Herd mentality is driving stock markets
Stocktake: despite strong market rebound, stocks likely to retest recent lows
Amid the ongoing agonising about US inflation and the interest rate outlook, stocks are enjoying a very fine earnings season. Photograph: Getty Images
The herd instinct is alive and well, judging by the latest Merrill Lynch monthly fund manager survey. In recent months, the percentage of fund managers viewing stocks as overvalued hit record levels. Nevertheless, everyone continued buying anyway; in January, equity allocations hit two-year highs; cash levels touched five-year lows; the number of investors buying downside protection against a correction hit levels last seen in 2013. Of course, stocks then plunged, prompting a sharp about-turn in the latest survey. The percentage of investors buying protection against a “sharp” market fall soared, recording its biggest one-month jump on record. Equity allocations suffered their biggest monthly fall in two years. In other words, if others are buying, you must do the same, even if stocks are overvalued. And if others are selling and stocks are plummeting – well, that’s just the time to buy downside insurance. Herding behaviour aside, the sentiment change was not sufficient to take Merrill’s Bull & Bear Indicator out of “sell” territory. That suggests that in spite of last week’s strong market rebound, stocks are likely to retest recent lows.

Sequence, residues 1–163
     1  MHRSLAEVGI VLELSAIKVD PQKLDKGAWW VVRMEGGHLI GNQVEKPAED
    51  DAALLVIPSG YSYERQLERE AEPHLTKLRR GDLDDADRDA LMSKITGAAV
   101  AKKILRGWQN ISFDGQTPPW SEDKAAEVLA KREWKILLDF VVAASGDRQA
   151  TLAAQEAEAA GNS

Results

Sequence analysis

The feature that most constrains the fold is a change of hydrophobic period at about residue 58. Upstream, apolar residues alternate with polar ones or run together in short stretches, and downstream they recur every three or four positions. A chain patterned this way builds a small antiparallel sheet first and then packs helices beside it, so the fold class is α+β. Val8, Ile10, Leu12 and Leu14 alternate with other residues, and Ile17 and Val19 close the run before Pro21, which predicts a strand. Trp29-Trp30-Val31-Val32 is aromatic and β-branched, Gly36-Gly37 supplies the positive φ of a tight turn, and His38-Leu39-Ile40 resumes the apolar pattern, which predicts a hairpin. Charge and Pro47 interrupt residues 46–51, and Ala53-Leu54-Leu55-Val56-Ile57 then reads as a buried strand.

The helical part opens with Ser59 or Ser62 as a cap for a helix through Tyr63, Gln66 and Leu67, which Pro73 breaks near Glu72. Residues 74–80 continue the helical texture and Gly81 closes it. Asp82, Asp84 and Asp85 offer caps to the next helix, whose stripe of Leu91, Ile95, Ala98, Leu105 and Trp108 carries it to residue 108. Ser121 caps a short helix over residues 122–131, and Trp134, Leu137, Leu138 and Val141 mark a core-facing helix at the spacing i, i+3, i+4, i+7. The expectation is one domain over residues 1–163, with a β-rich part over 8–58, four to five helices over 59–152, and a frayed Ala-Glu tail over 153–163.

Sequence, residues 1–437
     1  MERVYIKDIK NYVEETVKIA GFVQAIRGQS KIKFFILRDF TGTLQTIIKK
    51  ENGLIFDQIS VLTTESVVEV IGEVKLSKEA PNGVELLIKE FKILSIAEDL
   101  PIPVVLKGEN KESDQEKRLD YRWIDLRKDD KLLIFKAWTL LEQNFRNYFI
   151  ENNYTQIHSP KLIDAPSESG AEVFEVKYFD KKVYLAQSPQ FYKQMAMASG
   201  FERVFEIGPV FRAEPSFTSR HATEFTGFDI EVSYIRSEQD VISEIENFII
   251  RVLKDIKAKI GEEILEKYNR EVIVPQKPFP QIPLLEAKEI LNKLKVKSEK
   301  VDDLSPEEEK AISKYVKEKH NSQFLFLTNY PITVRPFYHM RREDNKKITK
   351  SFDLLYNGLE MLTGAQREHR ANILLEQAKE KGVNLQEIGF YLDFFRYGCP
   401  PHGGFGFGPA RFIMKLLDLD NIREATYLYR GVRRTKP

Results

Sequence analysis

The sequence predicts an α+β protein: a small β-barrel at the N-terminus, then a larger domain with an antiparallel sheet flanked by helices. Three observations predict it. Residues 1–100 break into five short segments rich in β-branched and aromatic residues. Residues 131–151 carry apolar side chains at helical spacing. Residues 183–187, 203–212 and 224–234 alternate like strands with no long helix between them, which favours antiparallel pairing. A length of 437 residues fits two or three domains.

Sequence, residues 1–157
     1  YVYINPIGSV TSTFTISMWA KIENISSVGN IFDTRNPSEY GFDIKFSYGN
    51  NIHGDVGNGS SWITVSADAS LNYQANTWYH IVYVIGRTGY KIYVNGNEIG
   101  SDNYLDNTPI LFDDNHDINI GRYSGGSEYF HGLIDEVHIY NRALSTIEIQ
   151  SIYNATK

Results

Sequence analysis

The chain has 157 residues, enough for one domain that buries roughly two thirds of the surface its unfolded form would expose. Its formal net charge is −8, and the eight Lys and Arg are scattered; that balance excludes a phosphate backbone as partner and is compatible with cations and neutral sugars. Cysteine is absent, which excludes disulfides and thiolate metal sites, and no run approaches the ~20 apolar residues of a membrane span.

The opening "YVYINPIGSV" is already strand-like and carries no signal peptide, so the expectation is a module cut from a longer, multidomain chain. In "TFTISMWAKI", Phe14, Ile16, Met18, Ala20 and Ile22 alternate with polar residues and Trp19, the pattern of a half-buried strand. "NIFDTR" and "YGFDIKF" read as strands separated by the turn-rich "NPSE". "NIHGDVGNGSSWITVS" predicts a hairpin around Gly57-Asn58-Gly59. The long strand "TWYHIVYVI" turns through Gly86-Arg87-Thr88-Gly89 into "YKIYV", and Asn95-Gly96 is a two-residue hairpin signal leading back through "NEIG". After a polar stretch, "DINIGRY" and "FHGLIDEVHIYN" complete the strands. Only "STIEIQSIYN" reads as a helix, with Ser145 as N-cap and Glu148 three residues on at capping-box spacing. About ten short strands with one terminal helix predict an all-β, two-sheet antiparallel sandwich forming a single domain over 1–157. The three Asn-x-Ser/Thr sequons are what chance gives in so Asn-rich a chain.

Montier: stocks are in a
Investor herding is annoying GMO’s James Montier, who sees the Merrill survey as further evidence that stocks are in a “cynical bubble”. Montier’s latest note describes stocks as “obscenely overvalued”, while admitting he has a track record of being too early in calling bubbles. He points to how he turned bearish on Thailand in 1995, two years before the Asian financial crisis; he predicted the technology bubble would burst in 1997, three years before the top; and he was a few years early when warning about the US housing bubble in 2005. The implication is that Montier has a history of being early but correct, which is somewhat disingenuous – he has been bearish on this bull market since at least 2011. Still, there is some validity to his latest complaint about “that strangest of creatures: the fully invested bear”. Managers have overweighted equities despite seeing them as plainly overvalued – “a cynical bubble built not on faith in a new era, but on overoptimism about the ability to get out before everyone else”. Of course, it’s impossible for everyone to get out on time. The speed of the latest correction is proof that “crowded exits don’t end well – inevitably some are crushed in the stampede”.
Companies are crushing earnings estimatesBespoke Investment
The figures are additionally impressive in that expectations had been high, with analysts busy hiking forecasts in the run-up to earnings season. Last October, earnings were forecast to rise 11 per cent in 2018; that figure has surged higher to almost 19 per cent today. Of course, much of this is due to US tax cuts, which many view as a token one-off boost. Still, the S&P 500 now trades on 16.5 times estimated earnings, down from 18.5 in January. Clearly, the recent market falls, coupled with surging earnings, mean stocks look noticeably less pricey than they did a few weeks ago.